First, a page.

The Crazy Ones


Writers write things when tragedy happens. And as a member of the entertainment industry, how can I not share thoughts after the sudden and shocking suicide of Robin Williams?

As tributes go, just look on your facebook. It’s accurate to say that everyone’s social media is packed with personal favorite quotes, scenes and memories of Robin Williams who reached truly iconic status. Everyone from the local cab driver to Rowdy Roddy Piper to President Obama expressed deep sadness online at the loss. Even ISIS took a break from their attempted genocide to mourn Robin Williams.

To us, Robin Williams was more than an actor or comedian. He was part of the very fabric of our pop culture. He was a real-life wind-up toy never slowing down. He was a lovable alien and not just because of his Mork from Ork character. He was the same as us but different. It seemed like there was no possible embarrassment for his outrageous antics and while some of his movies weren’t always successful, he always was. Somehow Robin Williams was indefatigable, unstoppable, tireless. The world without Robin Williams – did anyone ever contemplate such a thing?

But he wasn’t those things. Not really. He was a human being. So many who have worked with him have expressed the memory of his endless kindness. But beneath that kindness was a vast mystery and that mystery is one we, as a people, are just scratching the surface of.

In the wake of Mr. Williams death, something extraordinary and courageous has happened. Social media feeds are now also being filled with people’s own battles with “mental illness.” I’ve seen blogs, facebook posts and even short but profound tweets in which people are opening up about this, the most misunderstood battle of the human experience. Battles, wars even, with depression, bipolar disorder, suicidal tendencies, you name it, think of whatever mental ailment and I guarantee you know not someone – but MANY people who’ve battled it.

And in addition to the many people you know, maybe you yourself are one caught in such a torment. Yet, with such a universality of cases, one thing many of those caught in the throes of this illness feel is a desperate sense of loneliness.

I wrote “mental illness” in quotes because as term it’s incredibly inadequate. The wide ranging scope of mental illnesses out there is hard to fathom but we shove them all under a catch-all umbrella thinking that explains everything. Imagine walking into a restaurant and when the server asks what you’d like to drink, you answer “Liquid.” THAT’S how we as a society treat “mental illness.” God almighty, talk about lunacy.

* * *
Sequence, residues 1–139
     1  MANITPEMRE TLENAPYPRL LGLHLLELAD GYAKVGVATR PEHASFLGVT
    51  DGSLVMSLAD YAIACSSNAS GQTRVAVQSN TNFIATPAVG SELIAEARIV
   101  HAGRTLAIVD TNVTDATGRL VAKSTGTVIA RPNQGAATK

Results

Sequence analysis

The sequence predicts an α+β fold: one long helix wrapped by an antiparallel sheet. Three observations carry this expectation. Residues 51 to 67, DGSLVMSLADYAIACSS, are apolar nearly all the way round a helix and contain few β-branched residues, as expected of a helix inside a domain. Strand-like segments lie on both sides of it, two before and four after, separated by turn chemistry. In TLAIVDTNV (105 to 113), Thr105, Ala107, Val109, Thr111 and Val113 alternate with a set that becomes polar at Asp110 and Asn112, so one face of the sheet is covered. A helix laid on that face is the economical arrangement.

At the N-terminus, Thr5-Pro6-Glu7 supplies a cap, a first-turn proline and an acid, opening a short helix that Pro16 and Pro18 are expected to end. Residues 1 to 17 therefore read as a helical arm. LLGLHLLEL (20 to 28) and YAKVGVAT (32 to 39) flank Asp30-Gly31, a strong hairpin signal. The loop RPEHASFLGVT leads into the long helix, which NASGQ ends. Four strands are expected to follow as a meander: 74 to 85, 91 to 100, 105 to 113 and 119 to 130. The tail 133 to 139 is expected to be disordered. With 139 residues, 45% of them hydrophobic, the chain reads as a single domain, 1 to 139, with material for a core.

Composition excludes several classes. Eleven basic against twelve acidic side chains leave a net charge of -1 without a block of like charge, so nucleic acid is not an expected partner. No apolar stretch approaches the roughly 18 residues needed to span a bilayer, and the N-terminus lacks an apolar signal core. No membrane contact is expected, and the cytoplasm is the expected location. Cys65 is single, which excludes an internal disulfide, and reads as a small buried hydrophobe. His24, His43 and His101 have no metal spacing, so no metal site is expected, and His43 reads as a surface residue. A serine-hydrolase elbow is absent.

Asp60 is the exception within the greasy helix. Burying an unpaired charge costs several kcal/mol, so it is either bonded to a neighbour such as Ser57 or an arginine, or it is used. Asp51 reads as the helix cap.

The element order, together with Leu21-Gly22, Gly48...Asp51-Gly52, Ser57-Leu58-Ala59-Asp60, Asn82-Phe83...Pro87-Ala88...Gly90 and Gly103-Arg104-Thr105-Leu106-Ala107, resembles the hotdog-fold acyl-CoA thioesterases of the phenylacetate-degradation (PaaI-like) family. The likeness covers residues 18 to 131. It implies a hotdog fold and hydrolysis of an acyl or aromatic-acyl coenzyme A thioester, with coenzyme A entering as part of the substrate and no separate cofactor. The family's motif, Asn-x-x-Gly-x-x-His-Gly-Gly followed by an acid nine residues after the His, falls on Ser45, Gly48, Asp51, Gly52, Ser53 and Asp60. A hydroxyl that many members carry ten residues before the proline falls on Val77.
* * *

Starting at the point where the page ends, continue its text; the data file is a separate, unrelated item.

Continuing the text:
Yesterday was a very emotional day for me because I learned some things about quite a few people that I did not know. That I would not even suspect in a million years. We’re all talented at hiding our deepest shame from the world at large, aren’t we?

Now again, privacy forbids name-dropping, those people will tell their stories to those they want to share with, but I believe I can say I’ve had several close friends battle with deep mental illness before. In some cases, I hope I was able to help. I’m ashamed to say that I know of mutual friends who didn’t take these battles with mental illness seriously. I can’t point fingers, though, I’m guilty of the same with others I wasn’t very close to.

But yesterday’s public outpouring, which was almost confessional, from so many about their mental illnesses really brought home something I’ve wondered about casually for a long time and am now more convinced than ever.

We are all crazy.

And I don’t mean that in a bad, judgmental way. I mean that in the “it’s time to come to terms with who the crazy people are” way. THEY are actually US.

Do you know how many different mental illnesses there are? 300 and counting.

Do you know how many people suffer from a mental illness? 61 million a year, 14 million permanently.

And this is just the tip of the iceberg:

It’s time to admit, we know nothing about this stuff but make critical judgments and engage in, sometimes very cruel, behaviors armed with that complete lack of knowledge. Except for our own personal experiences, of course. Because if you can look in the mirror and say you’ve never experienced some sort of mental imbalance, some sort of emotional instability, some sort of destructive irrationality – sorry, but you’re lying to yourself and you will never convince me otherwise.

My deep confession? Well, it’s hard but I’ve shunned the mentally ill for much of my life. Unfortunately – and in some cases tragically – I or people I love have been harmed greatly by some people’s mental illness. The specifics of these events are not for me to share, dear reader. We’ve got to keep somethings private on the internet.

Because of those events, I must confess to stigmatizing people unfairly. It was wrong. It’s shameful. It’s something I have to change, because that viewpoint doesn’t fit in today’s society. Not anymore. Now, that doesn’t mean I can completely forgive those who inflicted the harm I’m referring to. I’m not sure I believe that mental illness constitutes a get-out-of-jail free card for some. But that  also doesn’t mean I should hold their actions against those who suffer from something completely different.

Goddammit, mental illness, the more I type the term, the more inadequate it becomes.